A letter bomb was mailed to the head of Germany's biggest bank, Deutsche Bank, investigators said Thursday.
The package was intercepted before it could be delivered to chief executive Josef Ackermann, according to prosecutors in the western state of Hesse, where Deutsche Bank has its headquarters.
It was found to contain flammable powder and shrapnel that could "certainly have been dangerous" had it exploded, a police spokesman told Der Spiegel magazine.
The explosive device has since been deactivated, officials said, adding that the investigation is ongoing.
No one has claimed responsibility for the mail bomb.
Occupy protesters camped out in Germany's financial hub of Frankfurt condemned the act, telling Reuters that they had "other ways of protesting."
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The package was flagged as suspicious as it went through a routine X-ray scan in the bank's mail room in Frankfurt, the Associated Press reported. It has been Deutsche Bank policy to scan every item of mail addressed to executives since 2006, a banking source told Reuters.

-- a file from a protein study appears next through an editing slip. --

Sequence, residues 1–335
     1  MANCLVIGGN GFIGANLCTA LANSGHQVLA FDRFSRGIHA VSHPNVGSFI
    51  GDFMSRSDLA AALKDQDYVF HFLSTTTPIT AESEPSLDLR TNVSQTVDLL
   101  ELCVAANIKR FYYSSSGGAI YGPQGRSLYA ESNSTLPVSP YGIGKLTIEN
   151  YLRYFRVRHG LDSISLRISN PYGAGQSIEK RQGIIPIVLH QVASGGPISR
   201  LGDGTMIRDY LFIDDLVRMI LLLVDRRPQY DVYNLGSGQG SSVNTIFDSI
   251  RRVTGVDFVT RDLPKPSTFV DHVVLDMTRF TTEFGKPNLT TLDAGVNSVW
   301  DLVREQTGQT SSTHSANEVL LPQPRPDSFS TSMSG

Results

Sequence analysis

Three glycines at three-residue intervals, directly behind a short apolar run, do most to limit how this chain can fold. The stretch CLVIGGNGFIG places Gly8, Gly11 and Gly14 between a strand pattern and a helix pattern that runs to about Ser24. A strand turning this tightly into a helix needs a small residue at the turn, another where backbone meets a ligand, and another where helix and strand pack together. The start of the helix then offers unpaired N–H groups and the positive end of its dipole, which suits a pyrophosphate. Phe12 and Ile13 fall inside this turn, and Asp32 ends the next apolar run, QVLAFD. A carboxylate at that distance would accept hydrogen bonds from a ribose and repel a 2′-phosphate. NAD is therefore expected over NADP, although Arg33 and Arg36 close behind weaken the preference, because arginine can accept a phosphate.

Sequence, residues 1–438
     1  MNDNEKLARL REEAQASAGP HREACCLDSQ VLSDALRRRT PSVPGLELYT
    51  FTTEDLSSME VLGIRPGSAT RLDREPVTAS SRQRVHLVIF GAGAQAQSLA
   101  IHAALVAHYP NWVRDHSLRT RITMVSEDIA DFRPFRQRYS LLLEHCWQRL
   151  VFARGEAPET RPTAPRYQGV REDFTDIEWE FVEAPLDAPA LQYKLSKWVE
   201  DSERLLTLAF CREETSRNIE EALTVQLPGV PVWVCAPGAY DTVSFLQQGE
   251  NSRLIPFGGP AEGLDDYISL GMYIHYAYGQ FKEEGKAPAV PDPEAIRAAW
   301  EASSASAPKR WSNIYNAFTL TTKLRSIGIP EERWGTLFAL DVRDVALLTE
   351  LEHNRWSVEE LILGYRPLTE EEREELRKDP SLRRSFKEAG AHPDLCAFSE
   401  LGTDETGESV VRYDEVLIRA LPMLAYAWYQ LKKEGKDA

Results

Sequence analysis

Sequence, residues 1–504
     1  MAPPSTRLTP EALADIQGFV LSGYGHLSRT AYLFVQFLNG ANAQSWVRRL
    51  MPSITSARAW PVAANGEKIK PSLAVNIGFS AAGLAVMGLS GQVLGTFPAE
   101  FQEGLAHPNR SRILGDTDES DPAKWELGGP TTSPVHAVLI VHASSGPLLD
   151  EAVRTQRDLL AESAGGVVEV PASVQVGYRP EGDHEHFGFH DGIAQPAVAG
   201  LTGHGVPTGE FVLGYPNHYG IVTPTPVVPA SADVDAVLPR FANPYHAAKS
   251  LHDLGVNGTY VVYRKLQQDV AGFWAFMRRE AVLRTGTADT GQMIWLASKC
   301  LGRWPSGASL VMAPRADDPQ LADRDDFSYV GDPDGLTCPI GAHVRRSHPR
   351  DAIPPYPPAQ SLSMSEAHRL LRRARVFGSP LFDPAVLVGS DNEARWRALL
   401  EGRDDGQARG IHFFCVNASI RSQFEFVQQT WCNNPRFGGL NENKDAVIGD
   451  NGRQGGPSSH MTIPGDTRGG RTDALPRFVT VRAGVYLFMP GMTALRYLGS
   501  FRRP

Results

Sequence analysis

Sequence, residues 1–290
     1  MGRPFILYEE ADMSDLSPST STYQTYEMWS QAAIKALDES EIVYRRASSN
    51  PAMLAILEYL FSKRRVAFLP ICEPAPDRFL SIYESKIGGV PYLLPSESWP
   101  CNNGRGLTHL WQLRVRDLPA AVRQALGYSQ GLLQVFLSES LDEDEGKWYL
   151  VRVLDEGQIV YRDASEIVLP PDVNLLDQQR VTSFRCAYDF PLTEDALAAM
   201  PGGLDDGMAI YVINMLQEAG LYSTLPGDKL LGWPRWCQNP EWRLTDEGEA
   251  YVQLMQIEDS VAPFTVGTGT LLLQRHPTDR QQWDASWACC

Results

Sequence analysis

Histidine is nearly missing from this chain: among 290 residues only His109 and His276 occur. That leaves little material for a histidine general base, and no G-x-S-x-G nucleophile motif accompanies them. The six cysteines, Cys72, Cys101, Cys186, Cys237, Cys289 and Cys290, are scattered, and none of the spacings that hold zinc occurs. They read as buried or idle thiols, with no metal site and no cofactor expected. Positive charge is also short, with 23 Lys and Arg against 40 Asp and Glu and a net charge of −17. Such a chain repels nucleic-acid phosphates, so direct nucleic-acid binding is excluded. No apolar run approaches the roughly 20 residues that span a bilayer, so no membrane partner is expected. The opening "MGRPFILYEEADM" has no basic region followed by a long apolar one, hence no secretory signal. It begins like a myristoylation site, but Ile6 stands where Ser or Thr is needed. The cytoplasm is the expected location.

Security has been stepped up at Deutsche Bank offices around the world, Reuters reported.
Wall Street banks have been asked to put their mail rooms on alert, an unnamed executive told Bloomberg. The FBI is assessing the potential risk and does not currently believe there is any specific threat to New York, FBI spokeman James Margolin said.
Der Speigel described Swiss-born Ackermann as "one of the most controversial managers in Germany." He is one of the highest-paid executives in Germany, associated with big bonuses and shareholder-driven management.
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